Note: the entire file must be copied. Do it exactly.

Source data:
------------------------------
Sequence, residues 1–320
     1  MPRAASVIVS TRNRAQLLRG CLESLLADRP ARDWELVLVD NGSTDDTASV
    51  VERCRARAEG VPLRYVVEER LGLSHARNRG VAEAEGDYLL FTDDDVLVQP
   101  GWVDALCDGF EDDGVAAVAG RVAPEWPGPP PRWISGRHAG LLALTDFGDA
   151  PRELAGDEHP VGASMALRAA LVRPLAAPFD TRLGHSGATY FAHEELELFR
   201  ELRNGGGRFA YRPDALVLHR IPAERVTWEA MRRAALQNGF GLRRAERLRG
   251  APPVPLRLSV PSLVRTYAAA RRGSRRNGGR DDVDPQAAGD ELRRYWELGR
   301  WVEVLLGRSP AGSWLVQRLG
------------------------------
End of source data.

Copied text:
Sequence, residues 1–320
     1  MPRAASVIVS TRNRAQLLRG CLESLLADRP ARDWELVLVD NGSTDDTASV
    51  VERCRARAEG VPLRYVVEER LGLSHARNRG VAEAEGDYLL FTDDDVLVQP
   101  GWVDALCDGF EDDGVAAVAG RVAPEWPGPP PRWISGRHAG LLALTDFGDA
   151  PRELAGDEHP VGASMALRAA LVRPLAAPFD TRLGHSGATY FAHEELELFR
   201  ELRNGGGRFA YRPDALVLHR IPAERVTWEA MRRAALQNGF GLRRAERLRG
   251  APPVPLRLSV PSLVRTYAAA RRGSRRNGGR DDVDPQAAGD ELRRYWELGR
   301  WVEVLLGRSP AGSWLVQRLG